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Lung transplantation 

Lung transplantation
Chapter:
Lung transplantation
Author(s):

P. Hopkins

, and A.J. Fisher

DOI:
10.1093/med/9780198746690.003.0435
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date: 25 February 2021

Lung transplantation offers the only therapeutic option for many patients with end-stage pulmonary and cardiopulmonary diseases, but donors are scarce and the major challenge facing lung transplantation (as with all solid organ transplants) is the shortage of donor organs.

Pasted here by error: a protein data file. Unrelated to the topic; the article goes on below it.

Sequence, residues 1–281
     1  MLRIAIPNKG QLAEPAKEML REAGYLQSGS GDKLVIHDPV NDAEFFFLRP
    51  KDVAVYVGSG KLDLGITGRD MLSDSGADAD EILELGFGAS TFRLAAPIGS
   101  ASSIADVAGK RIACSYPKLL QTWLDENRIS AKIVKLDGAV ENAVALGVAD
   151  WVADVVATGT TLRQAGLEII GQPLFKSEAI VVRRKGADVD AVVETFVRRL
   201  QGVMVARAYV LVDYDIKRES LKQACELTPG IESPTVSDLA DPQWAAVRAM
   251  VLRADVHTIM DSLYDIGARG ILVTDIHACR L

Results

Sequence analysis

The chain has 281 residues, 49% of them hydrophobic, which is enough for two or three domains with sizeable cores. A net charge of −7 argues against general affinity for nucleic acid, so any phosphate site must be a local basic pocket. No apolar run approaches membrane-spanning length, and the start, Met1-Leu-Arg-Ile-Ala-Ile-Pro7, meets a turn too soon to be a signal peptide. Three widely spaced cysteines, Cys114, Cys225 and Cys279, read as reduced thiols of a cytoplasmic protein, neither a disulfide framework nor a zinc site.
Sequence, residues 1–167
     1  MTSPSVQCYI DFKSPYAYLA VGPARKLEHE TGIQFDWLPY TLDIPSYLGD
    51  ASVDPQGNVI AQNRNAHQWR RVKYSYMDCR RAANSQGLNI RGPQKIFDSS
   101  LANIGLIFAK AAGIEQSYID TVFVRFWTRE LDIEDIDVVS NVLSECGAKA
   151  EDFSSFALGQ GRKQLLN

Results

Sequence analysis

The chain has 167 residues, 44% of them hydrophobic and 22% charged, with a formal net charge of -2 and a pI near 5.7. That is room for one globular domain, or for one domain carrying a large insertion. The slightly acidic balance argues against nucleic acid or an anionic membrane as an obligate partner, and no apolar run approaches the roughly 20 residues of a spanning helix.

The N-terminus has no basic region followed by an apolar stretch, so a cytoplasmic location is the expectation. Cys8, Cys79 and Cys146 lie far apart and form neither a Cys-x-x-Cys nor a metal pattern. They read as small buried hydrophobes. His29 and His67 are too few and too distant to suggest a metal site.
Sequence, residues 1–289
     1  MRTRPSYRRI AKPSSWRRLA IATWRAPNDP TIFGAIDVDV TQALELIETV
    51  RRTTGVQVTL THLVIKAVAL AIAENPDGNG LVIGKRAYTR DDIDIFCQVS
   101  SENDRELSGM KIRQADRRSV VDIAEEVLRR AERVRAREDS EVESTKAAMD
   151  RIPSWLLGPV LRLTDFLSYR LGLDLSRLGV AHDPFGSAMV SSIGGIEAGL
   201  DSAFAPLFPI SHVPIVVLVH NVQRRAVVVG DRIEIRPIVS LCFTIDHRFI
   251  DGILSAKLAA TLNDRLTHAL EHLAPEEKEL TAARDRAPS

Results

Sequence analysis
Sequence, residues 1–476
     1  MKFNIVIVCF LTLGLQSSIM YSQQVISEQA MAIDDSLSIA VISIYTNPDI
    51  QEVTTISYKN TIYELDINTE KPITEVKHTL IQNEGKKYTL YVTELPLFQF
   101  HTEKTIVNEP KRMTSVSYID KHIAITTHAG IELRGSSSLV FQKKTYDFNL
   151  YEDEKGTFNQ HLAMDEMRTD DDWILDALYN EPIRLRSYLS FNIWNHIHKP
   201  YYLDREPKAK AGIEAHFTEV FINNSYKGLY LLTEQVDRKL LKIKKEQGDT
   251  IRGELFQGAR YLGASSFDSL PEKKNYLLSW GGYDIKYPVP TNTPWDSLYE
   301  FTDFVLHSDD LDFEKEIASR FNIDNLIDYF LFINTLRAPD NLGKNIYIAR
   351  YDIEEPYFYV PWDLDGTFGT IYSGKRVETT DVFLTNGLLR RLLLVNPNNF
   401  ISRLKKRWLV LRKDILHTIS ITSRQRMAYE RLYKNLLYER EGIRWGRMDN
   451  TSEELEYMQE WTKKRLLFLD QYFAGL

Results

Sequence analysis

Emphysema/chronic obstructive pulmonary disease, cystic fibrosis, idiopathic pulmonary fibrosis, and pulmonary vascular disease are the main disease groups referred for lung transplantation. Most suitable patients are listed for transplantation when their 2-year survival is estimated to be less than 50% without transplantation. Almost all organs come from cadaveric donors who have sustained brainstem death, but an increasing proportion come after withdrawal of life support leads to cardiac death in those who have sustained irreversible cardiac or neurological injury. Ideal donors have satisfactory lung function and are free of systemic infection and disease. Donor/recipient matching is on the basis of ABO blood group, and size.

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